The Benefits of a Liberal Arts Degree

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463246905reTOne misconception about liberal arts degrees is that they don’t translate into jobs after college. On one hand, it’s true that a liberal arts degree means you won’t know the exact profession you’ll look for or accept after graduation. On the other hand, having a more broad skill set is a huge advantage in many cases. In today’s job market especially, a liberal arts background can translate into many opportunities that one may have overlooked otherwise.

Without a specialized occupational degree like accounting or engineering, graduates are able to look into top hiring industries rather than wait for a position in the industry that pertains to their degree. Job seekers who are willing to be open-minded and have patience while navigating the job market without a set plan will likely be rewarded with a variety of opportunities and the ability to craft a long-term career in any number of fields.

The annual Emory Career Center survey of liberal arts majors found that “85 percent [of the graduating class] had definite plans in place before graduation.” The same study reports that employers appreciate liberal arts backgrounds for a variety of reasons; “They can think critically…They have a well-rounded background…They’re analytical, well-spoken,” says Justin Leemis of Triage Consulting group.

Employability of a liberal arts grad

A liberal arts degree may not guarantee every liberal arts job seeker employment right out of college, but it will continue to bolster your career trajectory in the long-run, often making you a more desirable candidate for promotions or other opportunities, thanks to certain traits that are cultivated within a liberal arts education, including strong communication skills, reading comprehension, cultural understanding, and analytical abilities. These traits are undeniably valuable for any career path. The ability to process and synthesize complex information – one of the key skill sets of most liberal arts majors – is something that can be difficult to come by in today’s market.

Finally, there’s more long-term good news for liberal arts backgrounds: “liberal arts graduates with an advanced or undergraduate degree are, on average, outearning their peers by their mid-50s when compared with those who studied in professional and preprofessional fields,” according to a study conducted by the Greater Philadelphia Cultural Alliance.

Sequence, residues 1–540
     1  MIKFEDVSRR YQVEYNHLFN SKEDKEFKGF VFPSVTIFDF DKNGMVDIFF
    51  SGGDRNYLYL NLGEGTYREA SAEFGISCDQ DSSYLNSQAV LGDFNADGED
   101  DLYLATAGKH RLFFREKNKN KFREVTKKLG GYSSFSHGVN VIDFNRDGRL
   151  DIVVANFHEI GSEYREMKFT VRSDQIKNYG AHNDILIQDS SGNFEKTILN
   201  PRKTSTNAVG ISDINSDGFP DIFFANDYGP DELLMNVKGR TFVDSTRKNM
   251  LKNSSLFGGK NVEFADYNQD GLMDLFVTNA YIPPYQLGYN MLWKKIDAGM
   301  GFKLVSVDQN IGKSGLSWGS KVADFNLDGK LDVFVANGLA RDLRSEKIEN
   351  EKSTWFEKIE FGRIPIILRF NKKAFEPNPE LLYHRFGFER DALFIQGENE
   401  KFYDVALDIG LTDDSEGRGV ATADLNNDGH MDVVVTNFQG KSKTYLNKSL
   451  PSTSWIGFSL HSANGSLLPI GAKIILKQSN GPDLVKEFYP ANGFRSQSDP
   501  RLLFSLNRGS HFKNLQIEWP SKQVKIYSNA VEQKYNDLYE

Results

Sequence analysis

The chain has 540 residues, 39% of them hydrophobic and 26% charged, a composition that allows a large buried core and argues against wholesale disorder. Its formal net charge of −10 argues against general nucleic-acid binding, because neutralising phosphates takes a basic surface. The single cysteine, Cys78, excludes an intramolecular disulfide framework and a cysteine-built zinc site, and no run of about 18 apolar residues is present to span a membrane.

Marketing your liberal arts degree

For those with liberal arts degrees, the priority should be “how do I sell myself?” or “how can I underscore my best strengths?” – developing a strong way to market yourself will make all the difference. Setting a strategy in place that will emphasize the benefits of your degree should be a consideration for any job seeker, regardless of their background, but can certainly bolster a liberal arts degree. For further references on how to market your liberal arts degree, many universities offer tips and guidelines, such as Howard University or Oregon State University.

Finally, supplementing your skill sets with programs, certificates, or personal study is always a viable option. Education Portal writes, “according to a study conducted by Burning Glass, students who graduate with a liberal arts degree can increase their employability by combining the degree with knowledge and skills in a specific career field.” Serious job seekers should look to supplement their education with internships or other methods of learning in the areas of sales, marketing, design, business, IT networking, or another area that they are interested in.

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About Claire Topalian

Claire Topalian is a writer, non-profit Communications professional, and advocate for diversity in business. She currently leads Communications and the Startup Women initiative at UP Global, an international non-profit that builds startup communities through educational programs and events. You can follow her on Twitter @clairetopalian.

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